"Until now, we haven't known exactly what effect these energy drinks have on the function of the heart," said radiology resident Jonas Dörner, M.D., of the cardiovascular imaging section at the University of Bonn, Germany, which is led by the study's principal investigator, Daniel K. Thomas, M.D. "There are concerns about the products' potential adverse side effects on heart function, especially in adolescents and young adults, but there is little or no regulation of energy drink sales."
To visualize cardiac magnetic resonance tagging, a cross-section of the heart in common imaging technique is seen on the left and tagged myocardium using CSPAMM on the right.
Credit: Radiological Society of North America
Energy drinks represent a multibillion dollar industry that is growing every day. While teenagers and young adults have traditionally been the largest consumers, in recent years more people of all demographics have begun consuming energy drinks.
A 2013 report from the Substance Abuse and Mental Health Services Administration stated that in the U.S. from 2007 to 2011, the number of emergency department visits related to energy drink consumption nearly doubled, increasing from 10,068 to 20,783. Most of the cases were identified among patients aged 18 to 25, followed by those aged 26 to 39.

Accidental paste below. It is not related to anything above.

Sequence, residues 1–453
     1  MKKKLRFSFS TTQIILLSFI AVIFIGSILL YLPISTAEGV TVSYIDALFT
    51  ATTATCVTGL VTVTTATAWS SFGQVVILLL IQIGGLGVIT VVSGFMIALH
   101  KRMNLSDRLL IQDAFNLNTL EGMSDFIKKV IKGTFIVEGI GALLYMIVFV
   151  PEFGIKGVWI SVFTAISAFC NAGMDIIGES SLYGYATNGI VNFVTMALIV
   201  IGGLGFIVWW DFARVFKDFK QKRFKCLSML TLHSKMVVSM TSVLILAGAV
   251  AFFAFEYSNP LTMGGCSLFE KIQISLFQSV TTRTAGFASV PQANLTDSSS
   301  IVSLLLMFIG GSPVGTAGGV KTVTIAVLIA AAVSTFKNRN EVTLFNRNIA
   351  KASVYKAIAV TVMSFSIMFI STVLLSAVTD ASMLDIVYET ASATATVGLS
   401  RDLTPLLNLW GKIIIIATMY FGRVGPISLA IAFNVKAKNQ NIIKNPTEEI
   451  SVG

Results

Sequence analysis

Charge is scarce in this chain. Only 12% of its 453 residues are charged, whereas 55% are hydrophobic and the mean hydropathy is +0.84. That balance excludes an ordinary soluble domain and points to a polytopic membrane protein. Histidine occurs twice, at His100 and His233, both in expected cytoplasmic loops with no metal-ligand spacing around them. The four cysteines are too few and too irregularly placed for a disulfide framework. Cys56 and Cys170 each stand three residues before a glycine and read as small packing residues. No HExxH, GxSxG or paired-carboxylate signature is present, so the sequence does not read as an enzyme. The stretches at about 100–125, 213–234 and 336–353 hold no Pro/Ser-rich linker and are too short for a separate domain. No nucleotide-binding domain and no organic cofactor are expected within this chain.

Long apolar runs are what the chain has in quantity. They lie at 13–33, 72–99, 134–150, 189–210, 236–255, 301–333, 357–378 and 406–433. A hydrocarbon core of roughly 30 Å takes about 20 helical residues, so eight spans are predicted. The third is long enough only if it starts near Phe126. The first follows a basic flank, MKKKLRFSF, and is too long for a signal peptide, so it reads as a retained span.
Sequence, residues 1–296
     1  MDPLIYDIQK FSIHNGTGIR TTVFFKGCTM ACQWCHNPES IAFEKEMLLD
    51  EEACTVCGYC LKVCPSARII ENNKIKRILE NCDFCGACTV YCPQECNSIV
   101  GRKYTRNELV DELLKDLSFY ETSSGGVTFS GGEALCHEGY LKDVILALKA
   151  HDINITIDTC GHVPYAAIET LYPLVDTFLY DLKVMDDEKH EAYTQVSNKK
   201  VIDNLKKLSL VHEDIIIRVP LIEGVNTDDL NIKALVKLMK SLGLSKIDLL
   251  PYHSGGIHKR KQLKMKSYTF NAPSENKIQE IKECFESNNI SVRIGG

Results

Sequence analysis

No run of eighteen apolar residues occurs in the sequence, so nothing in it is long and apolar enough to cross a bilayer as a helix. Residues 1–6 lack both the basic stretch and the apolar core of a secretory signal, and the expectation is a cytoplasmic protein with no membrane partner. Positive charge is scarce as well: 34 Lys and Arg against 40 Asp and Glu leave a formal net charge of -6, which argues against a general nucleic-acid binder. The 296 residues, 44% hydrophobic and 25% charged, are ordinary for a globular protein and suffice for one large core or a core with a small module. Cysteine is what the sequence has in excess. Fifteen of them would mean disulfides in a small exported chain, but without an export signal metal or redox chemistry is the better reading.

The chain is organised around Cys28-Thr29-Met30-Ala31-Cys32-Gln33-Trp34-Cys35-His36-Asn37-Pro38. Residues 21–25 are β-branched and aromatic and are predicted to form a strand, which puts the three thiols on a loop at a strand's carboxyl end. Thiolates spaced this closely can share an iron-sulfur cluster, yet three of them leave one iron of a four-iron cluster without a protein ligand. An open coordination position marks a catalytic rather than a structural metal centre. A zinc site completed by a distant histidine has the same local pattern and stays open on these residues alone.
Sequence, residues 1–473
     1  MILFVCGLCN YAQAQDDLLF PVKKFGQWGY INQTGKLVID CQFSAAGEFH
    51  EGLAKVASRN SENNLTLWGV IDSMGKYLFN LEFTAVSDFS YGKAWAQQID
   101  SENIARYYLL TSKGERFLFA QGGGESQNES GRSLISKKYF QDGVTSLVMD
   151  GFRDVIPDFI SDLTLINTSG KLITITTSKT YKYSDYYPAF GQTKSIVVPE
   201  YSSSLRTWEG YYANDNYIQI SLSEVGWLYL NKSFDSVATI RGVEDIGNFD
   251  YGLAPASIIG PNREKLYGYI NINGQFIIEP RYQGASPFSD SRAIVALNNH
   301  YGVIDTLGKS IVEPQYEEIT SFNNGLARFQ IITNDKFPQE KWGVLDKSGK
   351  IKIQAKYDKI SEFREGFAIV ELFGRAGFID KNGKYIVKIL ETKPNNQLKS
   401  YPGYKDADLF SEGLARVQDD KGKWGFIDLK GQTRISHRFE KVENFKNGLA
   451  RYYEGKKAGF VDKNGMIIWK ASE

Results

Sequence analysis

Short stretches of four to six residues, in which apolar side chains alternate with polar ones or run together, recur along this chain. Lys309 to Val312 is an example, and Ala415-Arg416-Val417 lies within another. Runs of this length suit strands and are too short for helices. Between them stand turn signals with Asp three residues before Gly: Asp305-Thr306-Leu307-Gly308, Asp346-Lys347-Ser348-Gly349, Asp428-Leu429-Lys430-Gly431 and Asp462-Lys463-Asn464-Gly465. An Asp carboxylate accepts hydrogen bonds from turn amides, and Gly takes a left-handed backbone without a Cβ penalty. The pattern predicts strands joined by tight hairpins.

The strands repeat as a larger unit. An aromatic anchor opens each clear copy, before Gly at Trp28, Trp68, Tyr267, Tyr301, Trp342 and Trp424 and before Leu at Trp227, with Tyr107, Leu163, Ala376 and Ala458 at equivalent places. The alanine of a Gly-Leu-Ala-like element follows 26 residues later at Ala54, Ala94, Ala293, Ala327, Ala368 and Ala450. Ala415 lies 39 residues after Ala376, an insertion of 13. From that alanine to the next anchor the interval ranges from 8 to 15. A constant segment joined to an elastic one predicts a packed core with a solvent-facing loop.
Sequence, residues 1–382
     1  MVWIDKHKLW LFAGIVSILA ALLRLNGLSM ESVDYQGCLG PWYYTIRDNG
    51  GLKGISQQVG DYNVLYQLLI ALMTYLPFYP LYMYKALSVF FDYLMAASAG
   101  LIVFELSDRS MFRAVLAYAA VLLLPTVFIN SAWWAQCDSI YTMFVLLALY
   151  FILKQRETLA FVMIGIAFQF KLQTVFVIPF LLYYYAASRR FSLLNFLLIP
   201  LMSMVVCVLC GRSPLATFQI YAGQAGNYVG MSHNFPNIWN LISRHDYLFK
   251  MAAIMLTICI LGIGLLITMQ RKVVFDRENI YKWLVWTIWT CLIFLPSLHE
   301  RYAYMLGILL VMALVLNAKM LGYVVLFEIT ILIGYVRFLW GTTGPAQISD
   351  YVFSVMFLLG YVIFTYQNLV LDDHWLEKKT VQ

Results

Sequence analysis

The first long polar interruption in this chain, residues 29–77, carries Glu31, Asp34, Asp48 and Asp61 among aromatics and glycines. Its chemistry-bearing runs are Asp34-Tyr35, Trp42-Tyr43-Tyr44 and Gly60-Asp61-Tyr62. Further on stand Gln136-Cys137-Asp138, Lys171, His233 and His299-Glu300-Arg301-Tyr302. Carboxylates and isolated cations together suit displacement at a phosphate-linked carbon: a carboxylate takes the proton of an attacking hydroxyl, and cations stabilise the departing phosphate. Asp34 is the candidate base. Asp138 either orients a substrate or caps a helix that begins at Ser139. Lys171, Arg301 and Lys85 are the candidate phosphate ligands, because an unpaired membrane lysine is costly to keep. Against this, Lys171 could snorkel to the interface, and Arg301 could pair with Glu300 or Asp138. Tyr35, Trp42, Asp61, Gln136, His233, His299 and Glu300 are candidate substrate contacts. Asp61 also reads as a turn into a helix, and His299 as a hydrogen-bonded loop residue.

"Usually energy drinks contain taurine and caffeine as their main pharmacological ingredients," Dr. Dörner said. "The amount of caffeine is up to three times higher than in other caffeinated beverages like coffee or cola. There are many side effects known to be associated with a high intake of caffeine, including rapid heart rate, palpitations, rise in blood pressure and, in the most severe cases, seizures or sudden death."
For the study, which is ongoing, Dr. Dörner and colleagues used cardiac magnetic resonance imaging (MRI) to measure the effect of energy drink consumption on heart function in 18 healthy volunteers, including 15 men and three women with a mean age of 27.5 years. Each of the volunteers underwent cardiac MRI before and one hour after consuming an energy drink containing taurine (400 mg/100 ml) and caffeine (32 mg/100 ml).
Compared to the baseline images, results of cardiac MRI performed one hour after the study participants consumed the energy drink revealed significantly increased peak strain and peak systolic strain rates (measurements for contractility) in the left ventricle of the heart. The heart's left ventricle receives oxygenated blood from the lungs and pumps it to the aorta, which distributes it throughout the rest of the body.
"We don't know exactly how or if this greater contractility of the heart impacts daily activities or athletic performance," Dr. Dörner said. "We need additional studies to understand this mechanism and to determine how long the effect of the energy drink lasts."
The researchers found no significant differences in heart rate, blood pressure or the amount of blood ejected from the left ventricle of the heart between the volunteers' baseline and second MRI exams.
"We've shown that energy drink consumption has a short-term impact on cardiac contractility," Dr. Dörner said. "Further studies are needed to evaluate the impact of long-term energy drink consumption and the effect of such drinks on individuals with heart disease."